• The Warriors made a win-now move ahead of this season by acquiring Chris Paul and shipping out Jordan Poole. That move should have also eased some tension in the locker room, but instead, we got another season with distractions which chipped away at the team’s title aspirations, cohesiveness and general ability to compete with the best in the league.

    How’d It Go?

    The Warriors did not start the season well as a team, but Stephen Curry was on fire and he took the scoring mantle upon himself. In mid-November though, Draymond Green was handed a five-game suspension for putting Rudy Gobert in a chokehold. The Warriors managed to hold it together without their defensive coordinator Green during that time though. Andrew Wiggins and Klay Thompson struggled immensely and Curry being the only player in double figures (or outscoring his fellow starters) unfortunately became a regular occurrence. That burden eventually became too much for Curry as his efficiency began to fall off. On top of that, almost exactly one month after the incident with Gobert, Green flailed wildly and hit Jusuf Nurkic in the face. That resulted in an indefinite suspension which lasted 12 games and Green missed a further four games due to reconditioning. They had an 18-21 record when he returned but of course, the overall distractions generally did not help the team.

    There were positives though, as Klay Thompson began to pick up his play a bit in December and rookie Brandin Podziemski was giving the team impactful minutes. However, in early January we got more drama with a leaked report about Jonathan Kuminga “losing faith” in head coach Steve Kerr after Kuminga sat the final 18 minutes of a loss despite having a strong performance earlier in the game. The result? Kuminga actually got rewarded with more opportunities and it paid off. The Warriors finally got another source of scoring as Kuminga was scorching hot for a few weeks before slowing back down a bit. Chris Paul broke his hand in early January and we also had stints of Andrew Wiggins and Klay Thompson coming off the bench. Anything that could happen did happen, but Curry was able to put some wins on the board with clutch performances.

    The team’s other rookie Trayce Jackson-Davis emerged later in the season to add some energy and rim protection, but overall, the Warriors finished in the Play-In with a 46-36 record as the 10th seed in the West. Thompson shot 0-of-10 in the first elimination game and the Kings easily dispatched the Warriors to draw the curtains on a chaotic season. To put the icing on top of it, they also don’t have their No. 14 pick at the end of the lottery to add more talent since it belongs to the Blazers.


    Steve Kerr has deservedly earned his plaudits during the Warriors dynasty. In recent years, though, there have been the emerging “two timelines” and Kerr sometimes got some flack for not trusting the young players enough. That trust finally happened due to the failures of the veterans on the team this season and Jonathan Kuminga’s public “call out” of Kerr. Brandin Podziemski forced his way into minutes and Trayce Jackson-Davis brought more of the enthusiasm and energy that the team needed down the stretch.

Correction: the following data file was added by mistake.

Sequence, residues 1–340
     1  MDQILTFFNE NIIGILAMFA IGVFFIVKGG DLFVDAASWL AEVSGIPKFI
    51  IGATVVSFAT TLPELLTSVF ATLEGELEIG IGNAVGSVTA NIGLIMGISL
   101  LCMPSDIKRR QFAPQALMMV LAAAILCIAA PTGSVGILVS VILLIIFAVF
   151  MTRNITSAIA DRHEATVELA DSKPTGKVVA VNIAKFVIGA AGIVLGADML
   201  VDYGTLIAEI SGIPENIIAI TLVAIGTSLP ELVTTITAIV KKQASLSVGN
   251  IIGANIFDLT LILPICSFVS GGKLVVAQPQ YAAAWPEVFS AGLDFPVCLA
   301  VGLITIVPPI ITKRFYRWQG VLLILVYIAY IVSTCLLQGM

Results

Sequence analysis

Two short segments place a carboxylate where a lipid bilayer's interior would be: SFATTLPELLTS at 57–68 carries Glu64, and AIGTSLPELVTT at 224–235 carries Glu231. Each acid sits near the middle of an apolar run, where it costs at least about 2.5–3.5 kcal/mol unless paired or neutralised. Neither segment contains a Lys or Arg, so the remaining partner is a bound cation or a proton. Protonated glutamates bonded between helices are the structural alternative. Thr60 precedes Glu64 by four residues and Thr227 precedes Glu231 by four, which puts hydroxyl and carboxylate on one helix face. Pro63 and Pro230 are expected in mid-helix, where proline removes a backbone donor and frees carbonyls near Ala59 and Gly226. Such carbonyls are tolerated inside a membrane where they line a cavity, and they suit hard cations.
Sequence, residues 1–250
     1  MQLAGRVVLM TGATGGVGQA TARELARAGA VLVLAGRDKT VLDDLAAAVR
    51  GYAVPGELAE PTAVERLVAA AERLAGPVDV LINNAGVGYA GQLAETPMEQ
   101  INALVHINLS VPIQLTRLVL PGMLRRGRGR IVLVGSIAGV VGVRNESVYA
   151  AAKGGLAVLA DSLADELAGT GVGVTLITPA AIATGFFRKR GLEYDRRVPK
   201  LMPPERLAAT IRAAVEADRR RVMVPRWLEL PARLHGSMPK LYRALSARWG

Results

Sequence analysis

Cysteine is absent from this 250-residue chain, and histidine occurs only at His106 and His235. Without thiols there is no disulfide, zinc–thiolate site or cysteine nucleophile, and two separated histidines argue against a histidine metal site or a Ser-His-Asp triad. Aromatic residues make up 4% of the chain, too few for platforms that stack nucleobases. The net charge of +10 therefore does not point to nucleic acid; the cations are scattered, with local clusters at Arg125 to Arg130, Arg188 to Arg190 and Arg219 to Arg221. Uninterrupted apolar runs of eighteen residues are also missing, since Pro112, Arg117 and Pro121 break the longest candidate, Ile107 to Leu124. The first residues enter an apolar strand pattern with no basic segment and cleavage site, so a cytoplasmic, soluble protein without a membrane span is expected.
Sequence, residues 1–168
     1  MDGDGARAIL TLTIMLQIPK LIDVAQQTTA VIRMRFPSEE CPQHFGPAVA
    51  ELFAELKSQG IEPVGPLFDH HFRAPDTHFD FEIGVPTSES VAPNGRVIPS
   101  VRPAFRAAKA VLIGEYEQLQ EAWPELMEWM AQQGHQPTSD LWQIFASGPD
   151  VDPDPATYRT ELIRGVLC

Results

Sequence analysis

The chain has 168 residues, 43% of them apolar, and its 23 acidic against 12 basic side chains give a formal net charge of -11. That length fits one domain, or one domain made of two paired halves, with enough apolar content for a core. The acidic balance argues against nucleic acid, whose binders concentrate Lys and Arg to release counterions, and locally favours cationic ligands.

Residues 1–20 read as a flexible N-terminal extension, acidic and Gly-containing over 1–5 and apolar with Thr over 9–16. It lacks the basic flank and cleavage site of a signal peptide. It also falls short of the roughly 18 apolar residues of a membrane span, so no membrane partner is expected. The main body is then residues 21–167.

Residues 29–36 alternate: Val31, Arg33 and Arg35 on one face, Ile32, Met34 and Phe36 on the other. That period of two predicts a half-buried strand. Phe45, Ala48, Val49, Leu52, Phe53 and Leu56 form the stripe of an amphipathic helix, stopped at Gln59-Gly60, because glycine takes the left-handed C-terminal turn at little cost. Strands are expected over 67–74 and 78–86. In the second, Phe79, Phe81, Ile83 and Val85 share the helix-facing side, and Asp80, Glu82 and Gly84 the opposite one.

Things are bound to shake up in the offseason and Kerr’s abilities as a coach will be tested. Their motion offense is less effective without consistent threats to help Stephen Curry if defenses can single him out, but perhaps Jonathan Kuminga can become a more reliable second option moving forward. Even so, he would bring a completely different dynamic as a more athletic, rim-pressuring scorer if the Warriors can truly rely on him. Kerr does deserve some credit for ushering the team to a 46-36 record given the circumstances and that would have been enough for the No. 4 seed in the prior season. However, if the competition around you improves then you have to be able to keep up and the West should only continue to get better in theory, so Kerr and the Warriors will need to find a way.

    The Players

    Stephen Curry
    PG, Golden State Warriors
    23-24 GS 74 74 32.7 8.8 19.5 45.0 4.0 4.4 92.3 4.8 11.8 40.8 26.4 4.5 5.1 0.7 0.4 2.8
    22-23 GS 56 56 34.7 10.0 20.2 49.3 4.6 5.0 91.5 4.9 11.4 42.7 29.4 6.1 6.3 0.9 0.4 3.2
    21-22 GS 64 64 34.5 8.4 19.1 43.7 4.3 4.7 92.3 4.5 11.7 38.0 25.5 5.2 6.3 1.3 0.4 3.2

    ADP: 8.8/6.7 (ESPN/Yahoo) | Total Value: 14/17 (8/9-cat) | Per-Game Value: 19/22 (8/9-cat)

    Stephen Curry averaged 30.7 points and 5.6 triples per game during the first 11 games of the season. That was enough for first-round 9-cat value. Curry began to fall off gradually from there, but it took a while before he was truly below his usual levels to a noticeable degree. The overreliance on Curry by the Warriors simply was not sustainable. The four-time NBA champion turned 36 in March, so this is the point of his career where you’d hope the burden on him is eased a bit.

    If you exclude the five-game season in 2019-20, Curry shot the second-worst percentage from three of his career at 40.8% as well as from the field at 45.0%, though his 3-point percentage is still elite by normal standards. Curry’s points, rebounds, assists and steals all dipped from his prior season alongside his usual superhuman efficiency. Despite finishing as a second rounder after being drafted in the first round, it was not a league-losing move for managers. Curry played in 74 games, the most since his 2016-17 season. That phantom 10th category, availability, should have generally helped fantasy managers thanks to the reliable “chances for value” which he provided even if the offense wasn’t always up to the mark.

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